Emily Carroll’s Through the Woods is unlike any graphic novel I’ve read. Granted, I’m still in the process of immersing my life with them, but that’s another story. It is a collection of five creepy and suspenseful short stories that tickles the more macabre side of your imagination and lures the darkness out of it.
Like with any graphic novel, the art style plays a major part in the storytelling. The plot is not secondary to it; if anything, it manages to entertain and sends shivers down your spine at the same time, even though the style itself is quite simple and straightforward. It’s quite a feat all on its own. But this book would read differently had it just been a novel. As captivating as the stories are, the illustrations draw life into these tales, instilling a more vivid and mystic quality about them.
All five stories are short, though each one is slightly longer than the previous. The last one was the longest out of all five and the one with the more solid plot. This doesn’t mean the other stories are terribly written; they were just more abstract. My personal favourites were “A Lady’s Hands are Cold”, which combines text and art in the best way possible (wherein it imitates a haunting voice floating through the manor in which it’s set), and “His Face All Red”, which has been floating around the web for some time before it was republished in this book.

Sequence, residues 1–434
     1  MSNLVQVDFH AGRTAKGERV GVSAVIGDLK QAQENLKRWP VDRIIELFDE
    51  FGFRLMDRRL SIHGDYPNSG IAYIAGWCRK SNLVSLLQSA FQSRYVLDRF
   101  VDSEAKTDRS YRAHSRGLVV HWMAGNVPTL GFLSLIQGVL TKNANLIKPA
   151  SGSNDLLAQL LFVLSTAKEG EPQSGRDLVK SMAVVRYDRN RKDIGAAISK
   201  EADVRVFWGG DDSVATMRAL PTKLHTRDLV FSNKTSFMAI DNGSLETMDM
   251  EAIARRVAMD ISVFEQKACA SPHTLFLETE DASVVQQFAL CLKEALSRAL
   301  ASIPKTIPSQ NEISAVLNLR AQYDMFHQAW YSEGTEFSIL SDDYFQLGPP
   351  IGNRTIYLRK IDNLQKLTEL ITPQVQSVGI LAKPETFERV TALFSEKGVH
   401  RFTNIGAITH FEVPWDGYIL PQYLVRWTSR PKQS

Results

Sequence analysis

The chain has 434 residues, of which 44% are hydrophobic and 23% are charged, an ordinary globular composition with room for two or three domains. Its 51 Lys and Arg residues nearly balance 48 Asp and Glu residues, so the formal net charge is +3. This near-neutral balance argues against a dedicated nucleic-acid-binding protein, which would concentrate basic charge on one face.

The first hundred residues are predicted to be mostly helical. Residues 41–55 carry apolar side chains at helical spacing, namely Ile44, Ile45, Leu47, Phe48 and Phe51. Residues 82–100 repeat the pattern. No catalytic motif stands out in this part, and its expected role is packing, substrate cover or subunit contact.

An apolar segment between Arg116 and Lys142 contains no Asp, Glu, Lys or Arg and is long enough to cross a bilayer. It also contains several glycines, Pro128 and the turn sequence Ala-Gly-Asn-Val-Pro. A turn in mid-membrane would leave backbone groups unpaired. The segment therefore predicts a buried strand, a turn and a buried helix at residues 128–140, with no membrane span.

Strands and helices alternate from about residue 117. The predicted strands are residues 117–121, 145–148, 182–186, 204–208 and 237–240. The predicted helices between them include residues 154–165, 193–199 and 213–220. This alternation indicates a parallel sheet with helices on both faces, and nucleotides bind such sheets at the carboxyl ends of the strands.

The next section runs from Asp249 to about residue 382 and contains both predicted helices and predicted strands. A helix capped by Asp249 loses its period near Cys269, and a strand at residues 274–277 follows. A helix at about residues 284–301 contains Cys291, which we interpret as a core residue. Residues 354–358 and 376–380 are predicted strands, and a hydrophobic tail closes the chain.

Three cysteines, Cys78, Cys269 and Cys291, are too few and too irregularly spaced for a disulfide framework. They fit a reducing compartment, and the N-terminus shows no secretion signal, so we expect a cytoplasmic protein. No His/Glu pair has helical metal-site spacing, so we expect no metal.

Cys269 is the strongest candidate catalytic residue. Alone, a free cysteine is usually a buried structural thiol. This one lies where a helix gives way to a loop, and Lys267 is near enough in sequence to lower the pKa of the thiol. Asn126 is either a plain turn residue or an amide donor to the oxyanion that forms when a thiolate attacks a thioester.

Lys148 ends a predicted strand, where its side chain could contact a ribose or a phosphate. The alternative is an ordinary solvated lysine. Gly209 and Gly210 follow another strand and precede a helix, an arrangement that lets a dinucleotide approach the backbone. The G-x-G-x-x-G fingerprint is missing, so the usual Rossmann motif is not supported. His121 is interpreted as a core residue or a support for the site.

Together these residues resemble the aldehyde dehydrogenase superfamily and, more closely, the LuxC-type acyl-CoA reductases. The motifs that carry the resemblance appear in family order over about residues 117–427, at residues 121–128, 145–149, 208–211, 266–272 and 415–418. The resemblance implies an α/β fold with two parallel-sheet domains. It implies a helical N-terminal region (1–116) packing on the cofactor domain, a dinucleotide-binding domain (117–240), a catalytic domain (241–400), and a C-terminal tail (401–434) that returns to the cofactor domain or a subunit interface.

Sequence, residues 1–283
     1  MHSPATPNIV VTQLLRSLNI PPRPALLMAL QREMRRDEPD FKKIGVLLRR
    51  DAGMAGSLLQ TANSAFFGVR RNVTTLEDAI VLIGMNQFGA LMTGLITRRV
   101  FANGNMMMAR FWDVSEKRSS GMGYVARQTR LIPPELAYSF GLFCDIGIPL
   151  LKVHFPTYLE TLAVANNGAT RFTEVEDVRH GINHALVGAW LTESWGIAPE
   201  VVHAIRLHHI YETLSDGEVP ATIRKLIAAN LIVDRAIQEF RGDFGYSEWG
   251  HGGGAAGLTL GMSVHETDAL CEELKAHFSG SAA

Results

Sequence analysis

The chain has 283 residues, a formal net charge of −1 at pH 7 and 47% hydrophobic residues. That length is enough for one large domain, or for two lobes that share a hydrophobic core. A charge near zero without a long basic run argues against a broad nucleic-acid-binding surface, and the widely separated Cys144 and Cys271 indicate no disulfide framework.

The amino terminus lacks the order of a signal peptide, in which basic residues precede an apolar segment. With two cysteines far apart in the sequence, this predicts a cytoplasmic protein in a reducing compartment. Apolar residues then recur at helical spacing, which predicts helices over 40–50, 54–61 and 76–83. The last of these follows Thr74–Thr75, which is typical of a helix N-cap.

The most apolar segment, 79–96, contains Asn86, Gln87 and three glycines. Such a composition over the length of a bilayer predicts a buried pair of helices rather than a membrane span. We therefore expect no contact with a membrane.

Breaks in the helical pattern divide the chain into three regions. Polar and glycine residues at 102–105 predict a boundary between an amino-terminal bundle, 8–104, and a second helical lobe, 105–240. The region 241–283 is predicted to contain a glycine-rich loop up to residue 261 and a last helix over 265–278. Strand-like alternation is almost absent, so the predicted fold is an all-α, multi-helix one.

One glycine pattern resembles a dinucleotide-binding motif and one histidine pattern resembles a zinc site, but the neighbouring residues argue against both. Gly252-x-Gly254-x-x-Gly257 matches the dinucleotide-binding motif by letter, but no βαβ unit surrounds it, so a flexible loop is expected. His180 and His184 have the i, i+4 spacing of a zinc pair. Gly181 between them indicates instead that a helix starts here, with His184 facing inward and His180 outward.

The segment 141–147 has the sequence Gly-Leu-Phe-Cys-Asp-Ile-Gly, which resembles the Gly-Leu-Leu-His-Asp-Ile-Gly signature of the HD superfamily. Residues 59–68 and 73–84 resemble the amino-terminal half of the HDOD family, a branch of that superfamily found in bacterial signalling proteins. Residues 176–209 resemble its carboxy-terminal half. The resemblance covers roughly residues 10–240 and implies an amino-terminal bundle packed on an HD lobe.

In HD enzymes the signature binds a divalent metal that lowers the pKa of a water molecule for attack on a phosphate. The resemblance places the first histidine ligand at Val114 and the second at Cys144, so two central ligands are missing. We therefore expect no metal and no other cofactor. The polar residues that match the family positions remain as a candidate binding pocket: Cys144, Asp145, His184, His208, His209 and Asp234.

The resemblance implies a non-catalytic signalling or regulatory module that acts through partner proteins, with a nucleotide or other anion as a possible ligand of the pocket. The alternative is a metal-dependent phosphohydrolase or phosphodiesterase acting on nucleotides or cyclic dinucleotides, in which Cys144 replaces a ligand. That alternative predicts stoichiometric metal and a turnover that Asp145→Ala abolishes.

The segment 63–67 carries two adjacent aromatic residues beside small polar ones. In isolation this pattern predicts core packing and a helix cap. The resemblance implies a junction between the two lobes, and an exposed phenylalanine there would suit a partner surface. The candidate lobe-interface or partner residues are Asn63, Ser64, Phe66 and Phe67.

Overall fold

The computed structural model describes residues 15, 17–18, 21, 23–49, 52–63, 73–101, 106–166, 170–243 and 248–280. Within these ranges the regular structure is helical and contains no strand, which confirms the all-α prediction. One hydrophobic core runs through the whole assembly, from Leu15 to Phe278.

I never thought that any of the stories were too short or dragged on for too long. They all end ambiguously in a way that makes your mouth drop open and say ‘oh, shit’, which I personally love. What’s even better is that each story has a different art style, colour scheme, and even layouts—everything that makes a graphic novel as powerful as it is, it does it five times as many.
I wouldn’t say it’s suitable for the faint of heart. Nothing is overtly gory or gruesome, but they are unsettling. And creepy. Nothing is ever as they seem. There is nothing mundane about these stories, even though they may start out that way.
Through the Woods is a highly suspenseful and eerie graphic novel worth several rereads. I recommend to those who are fans of dark fairy tales, retellings or otherwise, or those with a passion for unsettling graphic novels that hook you in from the first page.
If you’ve made it this far into my post, thank you for reading! Have you read Through the Woods before? If so, what did you think? If not, would you want to? Let me know in the comments and I’ll see you in my next post!
Until next time,